The 3 Types of Job Applicants

Hiring a full-time employee for my Los Angeles office has been an eye-opening experience, as both a hiring manager and a career consultant.

Granted, I have hired for hundreds of jobs over the course of my recruiting career, and am used to the influx of under-qualified applicants. But when you own the company you are recruiting for, it’s a different experience in terms of the candidate selection process.

Here’s the amazing thing – I am hiring for a senior-level resume writer role. This means I expect the person to have at least several years of experience directly matching the core functions of the job description (writing and HR experience), as well as other secondary skills critical to the role. They must be able to manage an office, build and maintain client relationships, and balance multiple concurrent projects.

Over the course of my search, I have found that there were 3 distinct groups of candidates who responded to my job posting:

1) Strong matches with the potential to move into the interview phase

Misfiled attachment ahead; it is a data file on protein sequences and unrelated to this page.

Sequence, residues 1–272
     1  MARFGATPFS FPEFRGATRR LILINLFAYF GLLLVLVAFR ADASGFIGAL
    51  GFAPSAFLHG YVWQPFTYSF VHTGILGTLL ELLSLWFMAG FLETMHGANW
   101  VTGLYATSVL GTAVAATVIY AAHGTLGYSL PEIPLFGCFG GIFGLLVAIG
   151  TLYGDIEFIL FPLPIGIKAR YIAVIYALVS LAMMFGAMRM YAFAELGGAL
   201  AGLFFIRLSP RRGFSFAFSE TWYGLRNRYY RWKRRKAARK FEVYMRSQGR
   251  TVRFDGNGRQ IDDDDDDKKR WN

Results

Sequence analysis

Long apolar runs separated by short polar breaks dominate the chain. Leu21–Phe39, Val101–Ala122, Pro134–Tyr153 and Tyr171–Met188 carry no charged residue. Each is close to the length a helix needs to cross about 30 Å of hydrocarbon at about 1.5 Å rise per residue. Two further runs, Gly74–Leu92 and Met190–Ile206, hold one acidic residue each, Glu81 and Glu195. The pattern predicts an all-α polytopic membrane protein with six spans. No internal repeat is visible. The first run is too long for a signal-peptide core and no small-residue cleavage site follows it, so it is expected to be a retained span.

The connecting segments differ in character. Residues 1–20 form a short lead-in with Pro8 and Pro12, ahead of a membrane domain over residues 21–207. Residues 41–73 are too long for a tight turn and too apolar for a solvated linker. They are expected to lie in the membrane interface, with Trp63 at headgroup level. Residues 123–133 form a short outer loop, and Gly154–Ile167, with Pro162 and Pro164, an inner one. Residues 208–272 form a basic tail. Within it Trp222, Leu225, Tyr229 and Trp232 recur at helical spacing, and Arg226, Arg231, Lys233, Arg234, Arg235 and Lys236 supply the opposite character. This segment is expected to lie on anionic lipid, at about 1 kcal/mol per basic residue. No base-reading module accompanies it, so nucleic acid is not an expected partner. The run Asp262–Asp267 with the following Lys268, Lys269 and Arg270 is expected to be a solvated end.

This is the holy grail of the hiring process, and also the minority group. This includes the most qualified candidates who provide a comprehensive resume tailored to the requirements of the job, as well as an introductory letter or email thoroughly describing why they consider themselves ideal for the role.

This told me 2 important things:

  • They read the job description, and understand not only what the job entails, but what is required to be successful, and what my company actually does.
  • They care about their presentation – taking time to craft a targeted letter describing their qualifications and speaking to the concerns I would have as an employer looking for someone with those skill sets.

2) People who have transferrable skill sets that could be a match.